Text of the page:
+ Site Statistics
+ Search Articles
+ PDF Full Text Service
How our service works
Request PDF Full Text
+ Follow Us
Follow on Facebook
Follow on Twitter
Follow on LinkedIn
+ Subscribe to Site Feeds
Most Shared
PDF Full Text
+ Translate
+ Recently Requested

Palliative care in the neonatal unit: neonatal nursing staff perceptions of facilitators and barriers in a regional tertiary nursery



Palliative care in the neonatal unit: neonatal nursing staff perceptions of facilitators and barriers in a regional tertiary nursery



Bmc Palliative Care 16(1): 32



Neonatology has made significant advances in the last 30 years. Despite the advances in treatments, not all neonates survive and a palliative care model is required within the neonatal context. Previous research has focused on the barriers of palliative care provision. A holistic approach to enhancing palliative care provision should include identifying both facilitators and barriers. A strengths-based approach would allow barriers to be addressed while also enhancing facilitators. The current study qualitatively explored perceptions of neonatal nurses about facilitators and barriers to delivery of palliative care and also the impact of the regional location of the unit. The study was conducted at the Townsville Hospital, which is the only regional tertiary neonatal unit in Australia. Semi-structured interviews were conducted with a purposive sample of eight neonatal nurses. Thematic analysis of the data was conducted within a phenomenological framework. Six themes emerged regarding family support and staff factors that were perceived to support the provision of palliative care of a high quality. Staff factors included leadership, clinical knowledge, and morals, values, and beliefs. Family support factors included emotional support, communication, and practices within the unit. Five themes emerged from the data that were perceived to be barriers to providing quality palliative care. Staff perceived education, lack of privacy, isolation, staff characteristics and systemic (policy, and procedure) factors to impact upon palliative care provision. The regional location of the unit also presented unique facilitators and barriers to care. This study identified and explored facilitators and barriers in the delivery of quality palliative care for neonates in a regional tertiary setting. Themes identified suggested that a strengths-approach, which engages and amplifies facilitating factors while identified barriers are addressed or minimized, would be successful in supporting quality palliative care provision in the neonatal care setting. Study findings will be used to inform clinical education and practice.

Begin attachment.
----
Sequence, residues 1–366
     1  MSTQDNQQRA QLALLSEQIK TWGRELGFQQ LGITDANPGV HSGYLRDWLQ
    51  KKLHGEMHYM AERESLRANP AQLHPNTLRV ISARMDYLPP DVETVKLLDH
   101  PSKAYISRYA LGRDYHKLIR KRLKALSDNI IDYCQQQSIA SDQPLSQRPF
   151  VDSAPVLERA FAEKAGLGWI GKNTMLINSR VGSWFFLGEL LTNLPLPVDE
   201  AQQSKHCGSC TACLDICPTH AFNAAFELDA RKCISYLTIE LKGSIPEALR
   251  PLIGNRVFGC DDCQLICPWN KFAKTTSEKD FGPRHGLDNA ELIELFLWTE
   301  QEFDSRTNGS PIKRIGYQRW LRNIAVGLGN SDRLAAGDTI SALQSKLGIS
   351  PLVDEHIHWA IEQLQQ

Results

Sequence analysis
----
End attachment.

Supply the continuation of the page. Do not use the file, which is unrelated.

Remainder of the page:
Please choose payment method:






(PDF emailed within 0-6 h: $19.90)

Accession: 060063445

Download citation: RISBibTeXText

PMID: 28490381

DOI: 10.1186/s12904-017-0202-3


Related references

Neonatal palliative care attitude scale: development of an instrument to measure the barriers to and facilitators of palliative care in neonatal nursing. Pediatrics 123(2): E207-E213, 2009

Barriers to provision of developmental care in the neonatal intensive care unit: neonatal nursing perceptions. American Journal of Perinatology 24(2): 71-77, 2007

Fathers' perceptions of the barriers and facilitators to their involvement with their newborn hospitalised in the neonatal intensive care unit. Journal of Clinical Nursing 22(3-4): 521-530, 2013

Barriers and facilitators to preparing families with premature infants for discharge home from the neonatal unit. Perceptions of health care providers. Investigacion Y Educacion en Enfermeria 32(3): 379-392, 2014

Perceptions of European medical staff on the facilitators and barriers to physical closeness between parents and infants in neonatal units. Acta Paediatrica 105(9): 1039-1046, 2016

Staff perceptions concerning barriers and facilitators to end-of-life care in the nursing home. Geriatric Nursing 26(4): 259-264, 2005

Barriers and facilitators to the receipt of palliative care for people with dementia: the views of medical and nursing staff. Palliative Medicine 26(7): 879-886, 2012

Staff perceptions of challenging parent-staff interactions and beneficial strategies in the Neonatal Intensive Care Unit. Acta Paediatrica 107(1): 33-39, 2018

Australian palliative care providers' perceptions and experiences of the barriers and facilitators to palliative care provision. Supportive Care in Cancer 19(3): 343-351, 2011

Adequacy of palliative care in a single tertiary neonatal unit. Journal of Paediatrics and Child Health 53(2): 136-144, 2017

Parents' perceptions of staff competency in a neonatal intensive care unit. Journal of Clinical Nursing 12(5): 752-761, 2003

Why is end-of-life care delivery sporadic?: A quantitative look at the barriers to and facilitators of providing end-of-life care in the neonatal intensive care unit. Advances in Neonatal Care 11(1): 29-36, 2011

Palliative care in a tertiary neonatal intensive care unit: a 10-year review. Bmj Supportive and Palliative Care 2018:, 2018

Medical and nursing staff in the neonatal care unit. Lancet 2(8455): 616-616, 1985

Training neonatal staff for the future in neonatal palliative care. Seminars in Fetal and Neonatal Medicine 18(2): 111-115, 2013